Malik Al Nasir is an author, poet and academic from Liverpool.
His presentation of ‘The truth that lies behind Roscoe’ may at times be uncomfortable or challenging to the audience, but is very much in the spirit of LJMU Roscoe Lectures; helping foster informed debate, intellectual inquiry and free speech in Liverpool.
William Roscoe is one of Liverpool’s most famous sons and the architect of many of its celebrated institutions, but what do we really know about Roscoe?
Malik Al Nasir a PhD researcher at University of Cambridge, St Catharine’s College, who has Roscoe in his family tree, will unravel an epic tale of the network that supported Roscoe’s philanthropic and civic works, and the nuance inherent within it, in a way which will challenge our historic understanding of the man who was so evidently recorded as Liverpool’s most outspoken critic of the trans-Atlantic trade in enslaved Africans.
Malik’s memoir, Letters to Gil, is a compelling account of his childhood experiences in a brutal UK Local Authority care system, which left him traumatised, semi-literate, homeless, and destitute at eighteen, when a chance meeting with poet and civil rights activist Gil Scott-Heron proved life changing and put Malik on a path to success.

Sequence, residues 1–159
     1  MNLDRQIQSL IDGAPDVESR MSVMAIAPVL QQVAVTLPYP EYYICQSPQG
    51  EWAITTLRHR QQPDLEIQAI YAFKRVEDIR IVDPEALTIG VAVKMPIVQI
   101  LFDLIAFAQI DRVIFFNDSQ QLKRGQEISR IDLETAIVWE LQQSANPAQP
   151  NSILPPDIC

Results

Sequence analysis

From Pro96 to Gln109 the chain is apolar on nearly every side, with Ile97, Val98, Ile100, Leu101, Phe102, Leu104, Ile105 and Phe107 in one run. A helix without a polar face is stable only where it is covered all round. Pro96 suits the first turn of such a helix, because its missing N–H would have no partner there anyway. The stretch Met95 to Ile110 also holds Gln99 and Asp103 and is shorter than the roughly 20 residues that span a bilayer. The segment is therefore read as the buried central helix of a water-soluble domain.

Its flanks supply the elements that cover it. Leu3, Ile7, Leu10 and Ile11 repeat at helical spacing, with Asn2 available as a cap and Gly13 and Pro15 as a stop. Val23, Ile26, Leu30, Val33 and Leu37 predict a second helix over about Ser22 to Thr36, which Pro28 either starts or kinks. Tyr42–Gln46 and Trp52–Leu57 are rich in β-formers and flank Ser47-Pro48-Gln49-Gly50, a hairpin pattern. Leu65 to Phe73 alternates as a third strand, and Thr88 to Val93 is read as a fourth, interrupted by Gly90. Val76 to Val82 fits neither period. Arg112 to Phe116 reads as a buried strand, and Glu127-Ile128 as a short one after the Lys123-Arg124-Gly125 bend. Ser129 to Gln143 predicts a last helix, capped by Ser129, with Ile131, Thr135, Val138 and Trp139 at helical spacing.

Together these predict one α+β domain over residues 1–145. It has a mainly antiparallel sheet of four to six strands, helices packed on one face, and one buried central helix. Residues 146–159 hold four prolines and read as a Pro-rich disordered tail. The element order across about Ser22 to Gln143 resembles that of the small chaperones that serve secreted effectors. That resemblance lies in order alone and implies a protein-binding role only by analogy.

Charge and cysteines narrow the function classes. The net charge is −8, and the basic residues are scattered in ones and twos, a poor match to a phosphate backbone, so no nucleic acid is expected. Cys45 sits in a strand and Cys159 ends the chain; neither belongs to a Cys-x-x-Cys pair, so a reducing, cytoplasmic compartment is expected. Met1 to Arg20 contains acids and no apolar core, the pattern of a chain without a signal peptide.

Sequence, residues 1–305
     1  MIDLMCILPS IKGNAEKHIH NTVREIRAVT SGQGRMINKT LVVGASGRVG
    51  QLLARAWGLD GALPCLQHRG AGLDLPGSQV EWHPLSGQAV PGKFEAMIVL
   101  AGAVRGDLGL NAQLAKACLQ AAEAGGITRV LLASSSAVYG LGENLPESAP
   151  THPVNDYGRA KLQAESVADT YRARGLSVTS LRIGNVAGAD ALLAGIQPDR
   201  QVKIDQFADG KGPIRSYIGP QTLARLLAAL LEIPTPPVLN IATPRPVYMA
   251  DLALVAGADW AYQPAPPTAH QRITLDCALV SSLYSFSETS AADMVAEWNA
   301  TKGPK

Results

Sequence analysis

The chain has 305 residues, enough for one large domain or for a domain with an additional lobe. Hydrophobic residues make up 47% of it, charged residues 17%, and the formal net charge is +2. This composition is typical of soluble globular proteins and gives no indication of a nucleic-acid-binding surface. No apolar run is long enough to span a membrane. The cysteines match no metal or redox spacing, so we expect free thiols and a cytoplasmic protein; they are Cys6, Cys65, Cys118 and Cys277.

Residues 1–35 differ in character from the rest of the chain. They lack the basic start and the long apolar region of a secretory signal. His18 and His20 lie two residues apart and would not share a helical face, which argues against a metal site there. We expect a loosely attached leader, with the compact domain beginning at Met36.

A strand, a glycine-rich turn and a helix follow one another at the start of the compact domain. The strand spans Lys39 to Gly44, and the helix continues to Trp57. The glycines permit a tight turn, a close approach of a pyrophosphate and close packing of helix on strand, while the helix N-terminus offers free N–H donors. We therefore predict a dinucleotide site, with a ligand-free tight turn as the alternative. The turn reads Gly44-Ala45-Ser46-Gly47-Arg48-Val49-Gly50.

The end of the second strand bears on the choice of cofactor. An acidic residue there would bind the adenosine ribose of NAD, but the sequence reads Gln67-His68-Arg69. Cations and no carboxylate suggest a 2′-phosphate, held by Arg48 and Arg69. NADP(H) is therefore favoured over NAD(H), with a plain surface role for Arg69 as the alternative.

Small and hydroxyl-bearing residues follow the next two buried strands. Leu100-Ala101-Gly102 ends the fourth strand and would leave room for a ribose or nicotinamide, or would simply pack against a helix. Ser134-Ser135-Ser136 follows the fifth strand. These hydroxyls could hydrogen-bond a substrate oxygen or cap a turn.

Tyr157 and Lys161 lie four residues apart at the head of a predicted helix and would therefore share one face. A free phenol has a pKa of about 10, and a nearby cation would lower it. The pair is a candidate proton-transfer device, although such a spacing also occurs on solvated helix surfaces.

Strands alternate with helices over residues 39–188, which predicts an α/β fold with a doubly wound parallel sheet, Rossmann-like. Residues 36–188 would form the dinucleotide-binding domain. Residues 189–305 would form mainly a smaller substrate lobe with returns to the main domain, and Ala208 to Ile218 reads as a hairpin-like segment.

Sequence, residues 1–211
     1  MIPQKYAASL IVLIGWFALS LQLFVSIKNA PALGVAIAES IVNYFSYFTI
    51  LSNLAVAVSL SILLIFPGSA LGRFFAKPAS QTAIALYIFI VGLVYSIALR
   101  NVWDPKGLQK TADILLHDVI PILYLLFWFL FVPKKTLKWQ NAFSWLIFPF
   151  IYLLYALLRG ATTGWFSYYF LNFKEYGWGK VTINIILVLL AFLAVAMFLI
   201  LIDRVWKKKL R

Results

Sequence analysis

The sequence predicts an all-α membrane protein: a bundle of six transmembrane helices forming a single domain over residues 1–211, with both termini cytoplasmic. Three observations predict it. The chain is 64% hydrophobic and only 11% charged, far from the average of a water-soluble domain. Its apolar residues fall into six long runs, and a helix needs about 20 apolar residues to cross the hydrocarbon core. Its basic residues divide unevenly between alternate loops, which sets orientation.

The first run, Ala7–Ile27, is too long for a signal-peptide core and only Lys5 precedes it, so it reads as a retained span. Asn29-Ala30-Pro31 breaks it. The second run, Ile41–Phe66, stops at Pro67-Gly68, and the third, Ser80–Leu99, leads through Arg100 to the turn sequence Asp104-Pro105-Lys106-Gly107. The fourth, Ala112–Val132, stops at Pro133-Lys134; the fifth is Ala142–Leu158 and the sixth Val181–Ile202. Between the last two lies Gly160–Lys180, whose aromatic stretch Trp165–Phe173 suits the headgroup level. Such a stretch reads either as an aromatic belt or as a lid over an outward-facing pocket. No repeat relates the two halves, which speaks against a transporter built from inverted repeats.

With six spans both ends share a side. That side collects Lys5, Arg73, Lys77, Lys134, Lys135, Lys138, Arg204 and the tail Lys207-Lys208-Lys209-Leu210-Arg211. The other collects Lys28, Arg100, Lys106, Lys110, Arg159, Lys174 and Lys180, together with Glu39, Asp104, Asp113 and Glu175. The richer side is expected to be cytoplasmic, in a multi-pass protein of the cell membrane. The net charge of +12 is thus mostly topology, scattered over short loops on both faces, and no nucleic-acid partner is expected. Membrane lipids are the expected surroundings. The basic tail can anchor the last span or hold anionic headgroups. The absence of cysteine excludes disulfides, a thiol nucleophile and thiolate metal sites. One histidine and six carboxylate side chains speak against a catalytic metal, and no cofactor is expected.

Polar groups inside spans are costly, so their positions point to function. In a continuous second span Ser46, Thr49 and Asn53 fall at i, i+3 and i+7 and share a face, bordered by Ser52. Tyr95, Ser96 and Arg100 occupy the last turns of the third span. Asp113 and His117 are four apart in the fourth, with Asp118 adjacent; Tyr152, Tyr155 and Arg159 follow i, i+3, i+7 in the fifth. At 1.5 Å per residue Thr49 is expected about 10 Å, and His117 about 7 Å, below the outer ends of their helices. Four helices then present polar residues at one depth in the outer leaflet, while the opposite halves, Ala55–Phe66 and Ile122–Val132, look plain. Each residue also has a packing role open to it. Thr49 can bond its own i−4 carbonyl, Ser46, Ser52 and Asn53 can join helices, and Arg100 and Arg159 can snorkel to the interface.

He went onto graduate from all three of Liverpool’s universities, deliver keynote addresses to children’s care service commissioners and policy makers, help to craft the ‘Widening Access and Participation Bill’ and is working on a policy document called ‘Lifting the Barriers to Black Academia Through Positive Action and Decolonisation’.
In addition Malik is bringing together UK universities to develop a positive action doctoral training partnership and colonial research centre, to facilitate participatory action research in line with the work he is doing with libraries, universities, museums and galleries, around decolonising their archives and collections.
While tracing his ancestry back to Demerara, Malik uncovered an astounding story that sheds new light on forgotten aspects of the true extent of Britain’s role in the slave trade, resulting in a two book deal with the William Collins imprint of HarperCollins and a full ESRC scholarship for a PhD in history at University of Cambridge. Malik has since received the prestigious ‘Sydney Smith Memorial Prize’ for ‘outstanding achievement’ at St Catharine’s College and the Vice Chancellors Award for global social impact.